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Antimalarial, antimycobacterial and cytotoxic limonoids from Chisocheton siamensis.

Abstract

Five limonoids isolated from the seeds of Chisocheton siamensis were tested for their antimalarial activity against Plasmodium falciparum, antimycobacterial activity against Mycobacterium tuberculosis and cytotoxic activity against NCI-H187 (human small cell lung cancer), KB (oral human epidermal carcinoma) and MCF-7 (breast cancer) cancer cell lines. All limonoids (1-5) showed inhibitory effect against Plasmodium falciparum with [IC.sub.50] values ranging from 2.06 to 6.31 [micro]g/ml. Only azadiradione (2) exhibited strong inhibitory effect against Mycobacterium tuberculosis with the MIC of 6.25 [micro]g/ml. Compounds 1-4 also showed cytotoxic activity against NCI-H187, KB and MCF-7 cancer cell lines and dysobinine (1) had the highest activity with [IC.sub.50] of 1.67, 3.17 and 2.15 [micro]g/ml, respectively.

[c] 2008 Elsevier GmbH. All rights reserved.

Keywords: Chisocheton siamensis; Meliaceae; Limonoids; Antimalarial activity; Antimycobacterial activity; Cytotoxic activity

Introduction

Meliaceae plants are known to be rich sources of limonoids. A number of limonoids have been isolated from several genera of Meliaceae and some of these exhibit antimalarial (Lee et al., 2007; Saewan et al., 2006), cytotoxic (Awang et al., 2007; Takeya et al., (1996), antiprotozoal (Khalid et al., 1998), and entifeedant (Koul et al., 2003; Nihei et al., 2002) activities. Chisocheton siamensis or "Ta Suea" in a local Thai name is one of the Meliaceae plants, which is found in northern part of Thailand. More than 10 limonoids have been isolated from this genus (Awang et al., 2007; Sarmah et al., 2003; Yadav et al. 1999; Gunning et al., 1994; Bordoloi et al., 1993). There are, however, no experimental reports on the screening of bioactive compounds from this plant. In the course of our on going search for bioactive compounds from natural sources (Laphookhieo et al., 2006, 2007), acetone hexane axtract (1:1; v/v) of the seeds of C. siamensis exhinited antimalarial activity against Plasmodium falciparum and antimycobacterial activity against Mycobacterium tuberculosis. Also, this crude extract exhibited cytotoxic activity against human small cell lung cancer (NCI-H187), oral human epidermal carcinoma (KB) and breast cancer (MCF-7) cell lines. In this paper, we describe on the isolation and biological activity evaluation of the crude extract and pure limonoids isolated from the seeds of C. siamensis.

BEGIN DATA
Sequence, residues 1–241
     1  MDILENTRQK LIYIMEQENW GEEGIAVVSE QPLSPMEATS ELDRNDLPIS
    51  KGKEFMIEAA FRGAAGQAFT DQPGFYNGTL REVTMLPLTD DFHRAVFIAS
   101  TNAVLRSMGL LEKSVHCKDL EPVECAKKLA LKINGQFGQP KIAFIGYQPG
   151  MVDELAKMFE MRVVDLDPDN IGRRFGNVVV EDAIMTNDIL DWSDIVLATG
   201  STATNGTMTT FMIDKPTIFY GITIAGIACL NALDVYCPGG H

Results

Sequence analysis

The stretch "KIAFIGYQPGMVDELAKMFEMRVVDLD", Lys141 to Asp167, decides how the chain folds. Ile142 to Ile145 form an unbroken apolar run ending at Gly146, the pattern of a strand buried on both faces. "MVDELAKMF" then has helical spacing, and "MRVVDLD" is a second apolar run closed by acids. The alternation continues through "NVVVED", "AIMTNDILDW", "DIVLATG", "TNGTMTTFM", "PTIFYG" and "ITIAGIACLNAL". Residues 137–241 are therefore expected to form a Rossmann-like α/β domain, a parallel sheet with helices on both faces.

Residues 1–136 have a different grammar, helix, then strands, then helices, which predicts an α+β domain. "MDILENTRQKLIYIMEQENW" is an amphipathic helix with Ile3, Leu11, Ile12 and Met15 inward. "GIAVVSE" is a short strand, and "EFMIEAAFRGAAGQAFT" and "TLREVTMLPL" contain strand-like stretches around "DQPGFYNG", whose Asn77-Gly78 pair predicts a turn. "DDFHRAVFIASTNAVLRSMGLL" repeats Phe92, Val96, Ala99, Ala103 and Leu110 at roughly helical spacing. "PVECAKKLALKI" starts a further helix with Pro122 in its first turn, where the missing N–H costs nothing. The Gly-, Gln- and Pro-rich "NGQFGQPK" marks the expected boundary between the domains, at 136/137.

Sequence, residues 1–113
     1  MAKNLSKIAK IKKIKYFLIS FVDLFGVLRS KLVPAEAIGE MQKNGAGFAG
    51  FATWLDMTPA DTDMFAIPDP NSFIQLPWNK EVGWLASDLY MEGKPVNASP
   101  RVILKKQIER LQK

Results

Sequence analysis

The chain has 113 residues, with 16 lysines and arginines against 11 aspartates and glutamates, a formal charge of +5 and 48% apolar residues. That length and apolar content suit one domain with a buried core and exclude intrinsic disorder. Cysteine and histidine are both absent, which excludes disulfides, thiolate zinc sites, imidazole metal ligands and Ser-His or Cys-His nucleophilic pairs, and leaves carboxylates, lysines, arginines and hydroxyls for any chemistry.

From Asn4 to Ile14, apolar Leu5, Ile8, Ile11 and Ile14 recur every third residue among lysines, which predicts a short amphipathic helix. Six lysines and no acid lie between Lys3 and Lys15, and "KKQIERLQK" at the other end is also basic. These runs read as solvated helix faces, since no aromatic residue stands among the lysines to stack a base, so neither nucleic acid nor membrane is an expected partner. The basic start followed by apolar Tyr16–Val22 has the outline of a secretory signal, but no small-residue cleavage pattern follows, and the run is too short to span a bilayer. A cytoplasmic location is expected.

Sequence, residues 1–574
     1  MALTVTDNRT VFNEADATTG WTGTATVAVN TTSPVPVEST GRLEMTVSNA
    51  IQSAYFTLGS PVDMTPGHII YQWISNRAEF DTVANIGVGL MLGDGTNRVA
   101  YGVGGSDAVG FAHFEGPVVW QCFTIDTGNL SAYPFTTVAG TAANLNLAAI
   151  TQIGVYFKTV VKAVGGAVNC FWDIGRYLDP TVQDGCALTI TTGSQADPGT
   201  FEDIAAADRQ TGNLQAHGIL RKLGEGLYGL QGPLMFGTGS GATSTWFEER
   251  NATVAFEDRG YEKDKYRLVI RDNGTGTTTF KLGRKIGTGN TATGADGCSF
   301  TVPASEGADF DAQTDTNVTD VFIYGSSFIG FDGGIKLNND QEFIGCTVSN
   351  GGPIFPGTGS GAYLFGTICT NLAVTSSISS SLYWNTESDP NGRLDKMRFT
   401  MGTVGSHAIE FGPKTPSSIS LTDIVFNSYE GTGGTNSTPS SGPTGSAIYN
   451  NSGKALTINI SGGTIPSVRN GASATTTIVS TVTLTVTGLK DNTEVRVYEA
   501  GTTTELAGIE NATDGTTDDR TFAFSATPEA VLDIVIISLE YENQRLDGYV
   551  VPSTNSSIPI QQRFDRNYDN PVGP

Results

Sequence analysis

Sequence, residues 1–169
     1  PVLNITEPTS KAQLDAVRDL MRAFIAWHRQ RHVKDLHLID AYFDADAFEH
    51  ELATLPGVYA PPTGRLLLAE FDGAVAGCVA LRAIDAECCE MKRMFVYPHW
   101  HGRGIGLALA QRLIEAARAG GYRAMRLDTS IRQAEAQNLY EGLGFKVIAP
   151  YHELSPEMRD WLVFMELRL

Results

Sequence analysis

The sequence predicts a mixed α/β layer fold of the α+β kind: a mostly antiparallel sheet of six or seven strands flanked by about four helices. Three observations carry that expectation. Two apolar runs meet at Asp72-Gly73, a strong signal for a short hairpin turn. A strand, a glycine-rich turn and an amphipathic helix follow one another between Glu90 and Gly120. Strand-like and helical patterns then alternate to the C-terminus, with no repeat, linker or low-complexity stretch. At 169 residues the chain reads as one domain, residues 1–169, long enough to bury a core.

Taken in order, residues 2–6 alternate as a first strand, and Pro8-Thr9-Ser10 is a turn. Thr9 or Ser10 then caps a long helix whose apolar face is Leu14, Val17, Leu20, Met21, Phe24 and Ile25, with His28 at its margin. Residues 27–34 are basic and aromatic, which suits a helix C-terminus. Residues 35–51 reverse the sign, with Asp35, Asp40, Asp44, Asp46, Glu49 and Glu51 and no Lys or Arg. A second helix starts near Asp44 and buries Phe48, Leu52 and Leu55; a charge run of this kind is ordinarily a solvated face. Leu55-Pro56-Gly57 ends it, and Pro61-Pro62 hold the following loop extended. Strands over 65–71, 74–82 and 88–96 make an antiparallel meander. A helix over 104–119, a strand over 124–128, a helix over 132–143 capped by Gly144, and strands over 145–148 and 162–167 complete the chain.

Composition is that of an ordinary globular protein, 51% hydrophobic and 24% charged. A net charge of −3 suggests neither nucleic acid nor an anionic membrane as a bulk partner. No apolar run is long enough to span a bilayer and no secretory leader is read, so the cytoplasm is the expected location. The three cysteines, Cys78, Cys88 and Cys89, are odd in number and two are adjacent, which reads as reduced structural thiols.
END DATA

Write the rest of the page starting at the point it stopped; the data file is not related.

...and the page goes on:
Material and method

General

The [.sup.1]H and [.sup.13]C NMR spectra were recorded using a 300 MHz Bruker FTNMR Ultra Shield spectrometer. Chemical shifts were recorded in parts per million ([delta]) in [DCl.sub.3] with tetramethysilane (TMS) as the internal reference. Quick column chromatography (QCC) and column chromatography (CC) were carried out on silica gel 60 H (Merck, 5-40 [micro]m) and silica gel 100 (Merck, 63-200 [micro]m), respectively. Precoated plates of silica gel 60 [F.sub.254] used for the analytical procedure.

Plant material

Seeds of C. siamensis were collected from Queen Sirikit Garden, Mae Rim District, Chiang Mai Province, northern Thailand, in Febrauary 2006. The botanical identification was made by Dr. Prachaya Srisanga, botanist at Queen Sirikit Garden. Voucher specimens are deposited in the Herbarium of Queen Sirikit Garden, Mae Rim District, Chiang Mai, Thailand.